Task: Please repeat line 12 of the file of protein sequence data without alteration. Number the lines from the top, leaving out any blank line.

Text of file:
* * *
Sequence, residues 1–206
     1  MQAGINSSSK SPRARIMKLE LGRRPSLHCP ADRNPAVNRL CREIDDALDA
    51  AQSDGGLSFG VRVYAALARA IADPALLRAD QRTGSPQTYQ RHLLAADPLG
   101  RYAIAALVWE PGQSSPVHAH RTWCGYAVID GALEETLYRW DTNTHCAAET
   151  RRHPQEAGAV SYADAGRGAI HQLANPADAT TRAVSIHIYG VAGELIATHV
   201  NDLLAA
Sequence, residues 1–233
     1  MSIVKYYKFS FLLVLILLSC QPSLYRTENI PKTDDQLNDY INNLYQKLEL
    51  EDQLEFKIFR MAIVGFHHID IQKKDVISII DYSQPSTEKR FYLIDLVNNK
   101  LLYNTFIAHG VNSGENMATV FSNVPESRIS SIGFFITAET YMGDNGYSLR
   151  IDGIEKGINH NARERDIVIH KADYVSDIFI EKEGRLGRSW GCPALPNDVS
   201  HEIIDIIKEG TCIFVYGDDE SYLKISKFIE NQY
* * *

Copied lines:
   201  HEIIDIIKEG TCIFVYGDDE SYLKISKFIE NQY